Adding subtitles to YouTube videos using CaptionTube

YouTube is a wonderful resource, it works on just about all internet enabled devices, it hardly ever goes wrong, it is easy to use and although there is a lot of low quality rubbish on there (in my opinion), there is also huge amounts of really useful high quality videos that we can use in education to enhance our teaching and learning practices.

A feature of YouTube that many don’t know about, is the auto-captioning option – in other words YouTube creates a transcript of the video without you having to do anything. If you are watching a video on the YouTube page and you want to see the captions, then there is a button below the video (currently to the right of the where it says ‘add to’) which is the transcript button – this brings up the transcript as a timeline below the videos and automatically advances with the video. This can be great for learners that have a disability (e.g. are deaf), but can also be really useful to find a key point within a video.

For example I often use short sections of the excellent TED talk video of Ken Robinson talking about schools killing creativity. If I want to locate a certain section within that video, I use the automatic captions that appear below it to locate the section that I want.

Because the transcripts are computer generated, they do contain errors – and depending on the clarity of the voice and the background noise of the video will determine the accuracy of the transcript. For some reason my voice never does well with automated speech to text systems, including YouTube.

However if you do want to override the automatic captions that YouTube creates with your own ones, then this is very easy to do – and for this I use a service called CaptionTube This is a simple system where you sign in (using a Google Account) you locate the video you want to caption (which could be your own or someone elses) and then you play the video pausing it at intervals to add your captions. If the video is your own, then you can add the captions to it there and then, if it isn’t your video then you can send the transcript to them to see if they want to upload it.

The following video (by John Skidgel) introduces the basics of CaptionTube.

Here is a video of mine that I captioned using this method. This took me 12 minutes in total from opening the page to my captions appearing on the video on YouTube.

Adding Captions to a video is a simple way to increase the accessibility of a resource, as well as potentially increasing the number of people that see your video, as the contents of the captions will get picked up by search engines (if the video is set to being public and listed).

Advertisements

The accessibility benefits of using audio in teaching and learning

My last 2 posts in this blog, have looked at the use of audio within teaching and learning as follows:

In this post I want to think about some of the accessibility benefits and issues for this area of work. Firstly (and sadly) a lot of people use accessibility as an excuse not to use audio more, often stating that they don’t want to use audio in case they have a deaf learner in their class.
No hay más ciego que el que no quiere ver...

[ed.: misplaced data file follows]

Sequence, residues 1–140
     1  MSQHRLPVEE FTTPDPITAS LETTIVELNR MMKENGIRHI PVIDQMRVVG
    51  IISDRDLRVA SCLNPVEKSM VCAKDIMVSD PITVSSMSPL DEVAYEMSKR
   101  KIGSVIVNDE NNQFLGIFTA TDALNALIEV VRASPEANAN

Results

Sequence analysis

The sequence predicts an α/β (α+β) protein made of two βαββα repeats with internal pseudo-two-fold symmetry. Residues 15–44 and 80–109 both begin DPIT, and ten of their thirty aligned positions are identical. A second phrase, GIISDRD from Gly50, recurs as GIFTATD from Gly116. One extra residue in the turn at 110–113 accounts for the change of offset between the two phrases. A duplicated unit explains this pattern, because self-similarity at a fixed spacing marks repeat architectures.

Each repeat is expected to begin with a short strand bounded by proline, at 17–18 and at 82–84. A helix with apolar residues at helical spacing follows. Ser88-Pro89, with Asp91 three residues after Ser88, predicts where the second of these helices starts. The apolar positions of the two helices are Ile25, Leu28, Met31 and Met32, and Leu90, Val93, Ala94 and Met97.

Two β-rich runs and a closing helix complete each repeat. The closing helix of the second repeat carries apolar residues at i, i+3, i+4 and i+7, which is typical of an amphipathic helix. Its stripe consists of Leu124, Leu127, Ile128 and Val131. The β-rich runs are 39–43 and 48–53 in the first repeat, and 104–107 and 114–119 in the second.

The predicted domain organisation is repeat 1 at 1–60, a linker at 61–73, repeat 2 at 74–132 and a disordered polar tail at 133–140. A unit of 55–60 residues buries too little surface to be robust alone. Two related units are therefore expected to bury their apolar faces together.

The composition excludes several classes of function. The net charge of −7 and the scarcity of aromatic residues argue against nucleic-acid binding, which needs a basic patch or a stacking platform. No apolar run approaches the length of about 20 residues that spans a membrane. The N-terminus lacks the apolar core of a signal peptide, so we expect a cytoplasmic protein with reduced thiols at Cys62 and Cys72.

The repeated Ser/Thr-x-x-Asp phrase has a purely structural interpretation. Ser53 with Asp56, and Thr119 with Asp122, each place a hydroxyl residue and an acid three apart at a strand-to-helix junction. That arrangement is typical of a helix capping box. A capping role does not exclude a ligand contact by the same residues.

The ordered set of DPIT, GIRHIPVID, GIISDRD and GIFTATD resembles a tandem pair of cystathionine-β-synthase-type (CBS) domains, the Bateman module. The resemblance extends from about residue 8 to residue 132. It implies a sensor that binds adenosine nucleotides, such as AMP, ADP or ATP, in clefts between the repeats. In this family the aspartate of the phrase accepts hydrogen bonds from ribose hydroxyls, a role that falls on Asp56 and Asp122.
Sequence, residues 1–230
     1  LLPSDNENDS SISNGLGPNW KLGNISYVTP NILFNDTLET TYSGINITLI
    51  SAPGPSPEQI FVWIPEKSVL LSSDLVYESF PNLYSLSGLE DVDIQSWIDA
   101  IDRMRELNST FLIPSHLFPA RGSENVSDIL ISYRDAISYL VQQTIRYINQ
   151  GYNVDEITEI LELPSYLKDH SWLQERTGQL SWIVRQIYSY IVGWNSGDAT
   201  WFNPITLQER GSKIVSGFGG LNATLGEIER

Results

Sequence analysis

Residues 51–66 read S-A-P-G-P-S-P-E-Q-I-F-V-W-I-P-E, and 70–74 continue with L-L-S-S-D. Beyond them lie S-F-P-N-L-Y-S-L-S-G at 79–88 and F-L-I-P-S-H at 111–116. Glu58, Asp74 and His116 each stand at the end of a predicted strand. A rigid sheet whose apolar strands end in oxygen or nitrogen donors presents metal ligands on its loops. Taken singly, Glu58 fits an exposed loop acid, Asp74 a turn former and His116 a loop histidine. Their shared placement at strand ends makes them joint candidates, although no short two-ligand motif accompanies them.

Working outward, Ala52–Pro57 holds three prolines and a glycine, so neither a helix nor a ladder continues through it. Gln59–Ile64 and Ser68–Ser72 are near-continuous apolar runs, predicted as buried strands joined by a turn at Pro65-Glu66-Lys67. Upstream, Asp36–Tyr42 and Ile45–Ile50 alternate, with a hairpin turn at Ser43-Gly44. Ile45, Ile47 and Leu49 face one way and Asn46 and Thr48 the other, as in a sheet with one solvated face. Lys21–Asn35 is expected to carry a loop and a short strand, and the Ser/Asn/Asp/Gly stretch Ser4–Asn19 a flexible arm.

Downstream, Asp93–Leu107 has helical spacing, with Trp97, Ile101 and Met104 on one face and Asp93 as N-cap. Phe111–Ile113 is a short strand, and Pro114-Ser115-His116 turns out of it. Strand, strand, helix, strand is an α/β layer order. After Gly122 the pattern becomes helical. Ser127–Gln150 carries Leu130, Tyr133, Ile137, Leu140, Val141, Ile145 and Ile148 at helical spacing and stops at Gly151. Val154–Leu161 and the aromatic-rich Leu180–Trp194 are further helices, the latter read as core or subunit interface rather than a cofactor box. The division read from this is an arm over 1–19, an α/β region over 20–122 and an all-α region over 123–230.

This is a commonly misunderstood area – as (although it may sound silly) many deaf learners actually find audio content really useful. Agreed, if someone has no hearing then audio is of no use to them, but many people that are identified as being deaf have some hearing, and many of them will have hearing aids that will amplify noise so that they can hear something. For these learners accessing a lecture is often difficult as the hearing aids will pick up all noise in the room, including the lecturers voice, mutterings from other learners, the hum of the strip lighting, the squeaking of pens etc. making it very hard to hear. The use of induction loops has helped this issues to a certain extent, but still isn’t ideal, as you hear the tutors contribution but not necessarily what other learners say. If however as part of the process an audio file has been produced summarising the key learning points (and remember you can always get the learners to do this – see my post on ipadio) – a deaf learner can in a quiet environment (e.g. their bedroom) listen to this – altering the volume accordingly so that they can hear it through an ordinary audio player and pick up some extremely valuable information that would otherwise have been missed. With this in mind, when I record audio, I amplify the recording slightly (which is very easy to do with things like audacity) – as it is always possible to turn the volume down, but it isn’t possible to turn the volume up above its maximum.

Another question that I am often asked is “Do we need to provide a transcript for all the audio recordings we make?”. This question again is another barrier (excuse) that stops people using audio, as the time to create such a transcript puts them off.

Personally, my interpretation of the law (and I am not a lawyer – so do not take this as legal advice) is as follows:

The law (Equality Act 2010) states that

  1. We have to make reasonable adjustment.
  2. We have an anticipatory duty, to be prepared for a variety of disabilities and associated possible adaptations.

So – what does that mean? Part 1 is simple – yes if we are using audio and we have a learner who states that they need a transcription then we need to provide it.

Part 2 – is more tricky. Many people interpret this as we should produce the transcripts upfront, but this doesn’t make sense to me, as if we followed that logic through it would mean for every session someone delivers, they would have to turn up with their resources printed on a variety of colours of paper, in different fonts sizes and fonts, and in audio format, Braille format, videoed as British Sign Language etc. This to me wouldn’t be a reasonable expectation.